The Nature/Nourishment card from the Recovery Tarot Deck by Michelle M. Miller in collaboration with Kristy Lee. - FIELD GUIDE TO A CRISIS
  • Field Guide to a Crisis
  • The Nature/Nourishment card from the Recovery Tarot Deck by Michelle M. Miller in collaboration with Kristy Lee.

Maxon began a journalism career on the East Coast after college. He focused on long-format documentary work that investigated the white gaze, environmental racism and unsolved murder. Maxon was interested in organizing community but realized that he didn't have the resources or vocabulary to do, so he went back to school for a master's of fine arts degree in art and social practice at Portland State University. He decided to concentrate on community building and social justice efforts in the realm of art because, he says, more than other disciplines, art allows for "multiple entry points" and the possibility of disrupting power systems. "Any structure," Maxon sates, "is possible within an art context."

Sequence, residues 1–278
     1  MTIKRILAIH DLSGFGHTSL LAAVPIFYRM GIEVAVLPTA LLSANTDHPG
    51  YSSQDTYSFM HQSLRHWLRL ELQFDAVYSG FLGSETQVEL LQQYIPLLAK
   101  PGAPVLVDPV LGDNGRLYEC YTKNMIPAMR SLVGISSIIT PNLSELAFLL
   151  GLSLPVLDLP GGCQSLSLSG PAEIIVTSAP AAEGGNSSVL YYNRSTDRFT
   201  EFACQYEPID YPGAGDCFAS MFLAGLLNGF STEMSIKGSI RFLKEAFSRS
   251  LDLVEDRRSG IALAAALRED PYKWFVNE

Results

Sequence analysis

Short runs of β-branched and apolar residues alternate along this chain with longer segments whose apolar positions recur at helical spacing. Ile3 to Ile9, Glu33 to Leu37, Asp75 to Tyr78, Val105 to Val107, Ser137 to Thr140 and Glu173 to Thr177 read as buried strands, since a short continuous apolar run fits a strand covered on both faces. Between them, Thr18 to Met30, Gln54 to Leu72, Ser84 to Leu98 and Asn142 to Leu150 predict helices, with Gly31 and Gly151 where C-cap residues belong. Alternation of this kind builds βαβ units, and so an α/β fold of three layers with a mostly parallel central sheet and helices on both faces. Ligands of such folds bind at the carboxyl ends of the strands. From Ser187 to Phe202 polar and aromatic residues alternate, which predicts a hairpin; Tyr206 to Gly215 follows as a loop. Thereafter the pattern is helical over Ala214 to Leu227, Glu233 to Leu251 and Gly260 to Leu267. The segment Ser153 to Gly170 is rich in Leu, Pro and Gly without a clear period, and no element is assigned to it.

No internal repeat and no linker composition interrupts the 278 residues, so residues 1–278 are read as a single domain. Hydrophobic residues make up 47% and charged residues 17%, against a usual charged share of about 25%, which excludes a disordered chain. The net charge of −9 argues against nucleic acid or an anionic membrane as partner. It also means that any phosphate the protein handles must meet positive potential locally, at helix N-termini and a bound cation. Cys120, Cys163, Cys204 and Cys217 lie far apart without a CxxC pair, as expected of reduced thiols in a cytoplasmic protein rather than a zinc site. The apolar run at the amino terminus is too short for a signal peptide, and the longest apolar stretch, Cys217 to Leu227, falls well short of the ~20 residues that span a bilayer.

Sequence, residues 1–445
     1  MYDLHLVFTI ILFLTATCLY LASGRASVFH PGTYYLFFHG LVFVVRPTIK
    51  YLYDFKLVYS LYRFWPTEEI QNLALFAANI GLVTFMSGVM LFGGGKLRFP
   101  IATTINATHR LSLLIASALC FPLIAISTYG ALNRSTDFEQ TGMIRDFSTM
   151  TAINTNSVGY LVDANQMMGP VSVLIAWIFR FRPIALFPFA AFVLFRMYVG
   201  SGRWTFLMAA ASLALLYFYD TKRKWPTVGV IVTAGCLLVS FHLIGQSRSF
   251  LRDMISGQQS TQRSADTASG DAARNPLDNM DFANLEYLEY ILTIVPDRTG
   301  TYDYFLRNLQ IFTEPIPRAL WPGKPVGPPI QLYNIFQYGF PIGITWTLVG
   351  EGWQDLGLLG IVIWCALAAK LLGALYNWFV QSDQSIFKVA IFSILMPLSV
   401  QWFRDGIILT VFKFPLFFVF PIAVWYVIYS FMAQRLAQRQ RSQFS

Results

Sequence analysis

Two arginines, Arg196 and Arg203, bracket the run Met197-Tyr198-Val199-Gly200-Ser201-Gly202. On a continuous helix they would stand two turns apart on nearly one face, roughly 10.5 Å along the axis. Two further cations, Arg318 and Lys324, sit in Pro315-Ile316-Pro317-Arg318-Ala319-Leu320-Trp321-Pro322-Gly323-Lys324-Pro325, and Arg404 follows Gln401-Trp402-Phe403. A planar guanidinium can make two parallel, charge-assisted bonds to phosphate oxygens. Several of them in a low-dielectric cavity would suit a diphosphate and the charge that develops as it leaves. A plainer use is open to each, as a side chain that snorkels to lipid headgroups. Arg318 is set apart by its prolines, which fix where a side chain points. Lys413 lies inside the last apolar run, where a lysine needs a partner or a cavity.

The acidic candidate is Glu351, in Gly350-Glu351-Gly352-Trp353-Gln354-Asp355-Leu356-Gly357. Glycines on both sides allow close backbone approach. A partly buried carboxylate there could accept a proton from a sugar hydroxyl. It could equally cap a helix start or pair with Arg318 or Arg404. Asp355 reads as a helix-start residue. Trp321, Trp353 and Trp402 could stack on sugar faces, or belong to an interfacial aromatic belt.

In Maxon's own recovery from addiction, the support and guidance of a mentor were integral. Rosendo Medina, an Apache elder and then caseworker for the now defunct Arcata Endeavor social services program, saw and encouraged strengths in Maxon, who ultimately became a chosen son. Maxon articulates his efforts to support the recovery community as a way to carry on Medina's legacy. Through Field Guide, he aims to help participants identify hidden skills they can then pass on to others, continuing a chain of mutually beneficial mentorship.